8. Fidgeting fingers. We have already mentioned the switching weight on one’s feet, but it is not uncommon for a person to fidget with their fingers or other parts of their body. Fidgeting is a sign of nervous energy that is expelled because the person is afraid that you will not believe them. So the person may repetitively tap their index finger to their thumb very quickly, play with their hair, pull on their ears or lips, or constantly shuffle their feet. If you catch a person in a lie, watch for them to put their hands in their armpits as they fold their arms across their chest. You might also watch for them to curl their fingers under as if making a fist. 

9. Intensified breathing. Heavy breathing is also a sign of stress that occurs when someone is lying. If you can’t notice when a person breathes, watch for their shoulders to rise and fall, for their voice tone to soften, or for their voice to even crack. They will appear breathless due to an increase in their heart rate and blood flow.  

10. Watch body positioning. A few others cues to notice include watching for the person to step back if standing or lean back from you if sitting so as to disconnect from you. Although this behavior may also be indicative of someone who needs more personal space in which case this would not be an indication of lying.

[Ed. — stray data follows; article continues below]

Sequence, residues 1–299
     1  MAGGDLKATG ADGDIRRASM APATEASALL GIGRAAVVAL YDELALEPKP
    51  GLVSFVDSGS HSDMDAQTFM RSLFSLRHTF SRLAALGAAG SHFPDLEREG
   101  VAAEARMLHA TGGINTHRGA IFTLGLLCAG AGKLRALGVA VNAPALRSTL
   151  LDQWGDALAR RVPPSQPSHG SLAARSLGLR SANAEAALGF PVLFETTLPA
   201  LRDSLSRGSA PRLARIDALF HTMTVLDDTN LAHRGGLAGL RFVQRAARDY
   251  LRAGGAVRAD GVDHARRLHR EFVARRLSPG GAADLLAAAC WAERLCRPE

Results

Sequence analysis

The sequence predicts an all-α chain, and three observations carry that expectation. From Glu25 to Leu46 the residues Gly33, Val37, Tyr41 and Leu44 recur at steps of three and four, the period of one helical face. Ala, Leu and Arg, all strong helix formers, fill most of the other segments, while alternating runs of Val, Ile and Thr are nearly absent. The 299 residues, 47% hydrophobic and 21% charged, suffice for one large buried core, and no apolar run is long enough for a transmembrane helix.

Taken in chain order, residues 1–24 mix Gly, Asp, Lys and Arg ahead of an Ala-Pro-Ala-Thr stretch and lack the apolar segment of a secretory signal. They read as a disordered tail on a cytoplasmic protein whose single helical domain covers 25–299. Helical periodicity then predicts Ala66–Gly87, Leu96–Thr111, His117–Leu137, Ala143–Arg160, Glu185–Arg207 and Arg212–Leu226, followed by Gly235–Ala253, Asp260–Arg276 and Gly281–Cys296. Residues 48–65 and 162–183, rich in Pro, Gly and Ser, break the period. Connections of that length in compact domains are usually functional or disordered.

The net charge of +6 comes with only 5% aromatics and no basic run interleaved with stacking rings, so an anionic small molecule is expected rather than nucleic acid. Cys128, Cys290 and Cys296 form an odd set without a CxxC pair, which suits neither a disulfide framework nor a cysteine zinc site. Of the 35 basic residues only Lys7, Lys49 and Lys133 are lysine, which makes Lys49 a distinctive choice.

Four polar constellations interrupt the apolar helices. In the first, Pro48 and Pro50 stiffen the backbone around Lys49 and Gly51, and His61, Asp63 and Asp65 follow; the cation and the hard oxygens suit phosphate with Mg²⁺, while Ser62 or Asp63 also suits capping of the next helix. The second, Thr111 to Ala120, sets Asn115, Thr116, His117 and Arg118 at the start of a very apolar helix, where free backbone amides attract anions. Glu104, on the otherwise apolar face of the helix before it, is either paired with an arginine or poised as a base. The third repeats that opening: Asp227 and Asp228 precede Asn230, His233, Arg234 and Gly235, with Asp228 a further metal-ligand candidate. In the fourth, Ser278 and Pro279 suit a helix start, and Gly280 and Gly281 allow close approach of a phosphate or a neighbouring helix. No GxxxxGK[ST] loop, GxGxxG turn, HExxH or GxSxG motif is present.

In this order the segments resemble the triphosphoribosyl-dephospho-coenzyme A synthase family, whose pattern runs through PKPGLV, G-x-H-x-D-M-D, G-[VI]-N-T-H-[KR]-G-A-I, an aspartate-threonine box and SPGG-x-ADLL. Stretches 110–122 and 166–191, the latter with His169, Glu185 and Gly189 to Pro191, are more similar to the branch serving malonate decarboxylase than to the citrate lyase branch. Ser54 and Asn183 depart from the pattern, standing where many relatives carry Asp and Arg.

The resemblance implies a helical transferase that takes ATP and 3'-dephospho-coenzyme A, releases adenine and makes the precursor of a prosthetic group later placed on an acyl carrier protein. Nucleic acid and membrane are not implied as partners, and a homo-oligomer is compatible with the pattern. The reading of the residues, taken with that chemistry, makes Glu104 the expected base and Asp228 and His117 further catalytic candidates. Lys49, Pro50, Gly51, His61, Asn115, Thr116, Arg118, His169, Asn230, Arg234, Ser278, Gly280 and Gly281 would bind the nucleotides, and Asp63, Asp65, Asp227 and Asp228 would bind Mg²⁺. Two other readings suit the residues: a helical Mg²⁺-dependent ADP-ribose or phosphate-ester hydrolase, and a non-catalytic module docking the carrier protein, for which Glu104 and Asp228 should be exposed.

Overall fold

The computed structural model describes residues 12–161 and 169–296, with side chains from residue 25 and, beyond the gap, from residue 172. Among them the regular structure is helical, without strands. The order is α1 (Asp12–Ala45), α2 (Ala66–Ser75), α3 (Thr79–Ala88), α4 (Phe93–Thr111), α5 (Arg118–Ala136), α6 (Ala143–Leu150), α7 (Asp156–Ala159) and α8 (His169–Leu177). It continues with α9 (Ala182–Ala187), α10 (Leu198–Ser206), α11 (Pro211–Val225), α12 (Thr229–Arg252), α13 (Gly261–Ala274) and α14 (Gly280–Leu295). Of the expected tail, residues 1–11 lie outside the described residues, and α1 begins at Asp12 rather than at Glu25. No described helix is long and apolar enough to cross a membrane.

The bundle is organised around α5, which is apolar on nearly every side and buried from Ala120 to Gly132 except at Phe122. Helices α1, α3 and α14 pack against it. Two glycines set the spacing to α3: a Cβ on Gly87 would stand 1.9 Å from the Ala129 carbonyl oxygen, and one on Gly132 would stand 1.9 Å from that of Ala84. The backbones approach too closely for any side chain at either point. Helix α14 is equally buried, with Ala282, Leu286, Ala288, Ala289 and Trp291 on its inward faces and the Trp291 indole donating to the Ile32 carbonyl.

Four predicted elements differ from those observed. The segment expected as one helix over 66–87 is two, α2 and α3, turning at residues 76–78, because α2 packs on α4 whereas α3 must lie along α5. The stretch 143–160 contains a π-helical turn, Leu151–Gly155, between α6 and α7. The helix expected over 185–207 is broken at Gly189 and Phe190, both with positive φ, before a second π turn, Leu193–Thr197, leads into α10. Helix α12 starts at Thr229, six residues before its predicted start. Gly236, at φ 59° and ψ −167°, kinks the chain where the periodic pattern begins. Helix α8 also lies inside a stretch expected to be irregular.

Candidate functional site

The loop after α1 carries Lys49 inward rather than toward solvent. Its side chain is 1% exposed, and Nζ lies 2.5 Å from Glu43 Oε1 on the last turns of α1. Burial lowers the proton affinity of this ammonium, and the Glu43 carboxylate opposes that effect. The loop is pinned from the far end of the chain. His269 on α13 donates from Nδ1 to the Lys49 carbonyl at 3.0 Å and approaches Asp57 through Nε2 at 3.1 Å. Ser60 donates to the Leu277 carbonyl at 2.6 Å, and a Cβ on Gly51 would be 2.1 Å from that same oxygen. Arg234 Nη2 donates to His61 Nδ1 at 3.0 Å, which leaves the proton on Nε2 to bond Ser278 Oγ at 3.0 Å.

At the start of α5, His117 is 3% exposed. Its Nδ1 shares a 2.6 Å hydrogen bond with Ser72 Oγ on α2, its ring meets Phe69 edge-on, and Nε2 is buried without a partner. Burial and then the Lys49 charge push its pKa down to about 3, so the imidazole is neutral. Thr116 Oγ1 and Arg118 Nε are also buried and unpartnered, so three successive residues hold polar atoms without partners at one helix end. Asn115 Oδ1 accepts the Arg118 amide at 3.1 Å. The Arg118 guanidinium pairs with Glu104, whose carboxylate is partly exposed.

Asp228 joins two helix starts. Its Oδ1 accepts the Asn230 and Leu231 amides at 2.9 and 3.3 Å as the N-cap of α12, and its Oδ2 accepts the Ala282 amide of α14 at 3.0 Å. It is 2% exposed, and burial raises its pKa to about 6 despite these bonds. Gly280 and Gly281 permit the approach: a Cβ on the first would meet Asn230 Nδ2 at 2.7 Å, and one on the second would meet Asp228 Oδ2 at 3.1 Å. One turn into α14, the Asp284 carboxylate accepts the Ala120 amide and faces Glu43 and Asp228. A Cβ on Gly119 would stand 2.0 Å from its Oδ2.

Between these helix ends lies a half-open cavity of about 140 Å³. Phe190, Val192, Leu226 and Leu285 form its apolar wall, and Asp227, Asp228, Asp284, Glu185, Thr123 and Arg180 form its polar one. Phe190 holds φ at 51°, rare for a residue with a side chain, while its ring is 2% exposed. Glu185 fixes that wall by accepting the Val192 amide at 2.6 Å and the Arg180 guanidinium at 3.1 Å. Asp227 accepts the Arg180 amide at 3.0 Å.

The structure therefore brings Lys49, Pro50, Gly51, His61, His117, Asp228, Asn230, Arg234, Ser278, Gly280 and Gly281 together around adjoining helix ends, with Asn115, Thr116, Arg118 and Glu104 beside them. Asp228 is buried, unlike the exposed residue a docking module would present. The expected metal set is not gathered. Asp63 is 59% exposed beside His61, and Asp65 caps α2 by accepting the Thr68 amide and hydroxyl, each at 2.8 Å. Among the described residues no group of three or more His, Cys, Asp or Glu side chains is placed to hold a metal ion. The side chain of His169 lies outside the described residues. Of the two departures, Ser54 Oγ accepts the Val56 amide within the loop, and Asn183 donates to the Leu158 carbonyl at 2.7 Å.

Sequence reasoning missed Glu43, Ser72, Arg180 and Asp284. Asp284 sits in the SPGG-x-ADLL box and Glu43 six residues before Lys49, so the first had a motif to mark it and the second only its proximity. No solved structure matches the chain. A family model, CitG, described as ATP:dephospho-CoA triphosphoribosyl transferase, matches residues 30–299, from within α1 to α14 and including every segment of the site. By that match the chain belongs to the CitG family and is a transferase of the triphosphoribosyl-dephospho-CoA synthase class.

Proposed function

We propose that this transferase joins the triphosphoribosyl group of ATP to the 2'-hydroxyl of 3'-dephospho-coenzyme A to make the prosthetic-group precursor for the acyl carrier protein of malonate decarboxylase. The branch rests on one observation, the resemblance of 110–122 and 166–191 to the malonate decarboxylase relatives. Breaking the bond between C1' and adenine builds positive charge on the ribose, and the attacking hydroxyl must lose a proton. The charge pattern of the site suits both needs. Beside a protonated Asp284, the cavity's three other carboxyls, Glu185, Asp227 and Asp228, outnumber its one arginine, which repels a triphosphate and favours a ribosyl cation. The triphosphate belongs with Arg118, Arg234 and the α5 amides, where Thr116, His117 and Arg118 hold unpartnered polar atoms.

Also notice what people do with their legs while sitting. They might also cross their leg and then begin kicking the air with their foot. Often when lying a person will also start grooming themselves or tidying up their surroundings.

When observing these clusters of behavior, you must also be aware of the context. I have a son who is ADHD who is constantly fidgeting; he just can’t hold still. Consequently, I know that his fidgeting is not an indication of telling me a lie, but rest assured, I am watching for a number of other behaviors.

Some people are uncomfortable telling the truth because of perceived consequences that will befall them. Others intentionally try to cover their mistakes or poor performance by fabricating a story that will relieve them of responsibility. Whatever the reason, it is helpful to recognize some of the nonverbal cues that signal that something else is going on. Hopefully you can turn your recognition into a search for the truth in a respectful and effective way. Remember to seek understanding of those behaviors that you may not normally notice.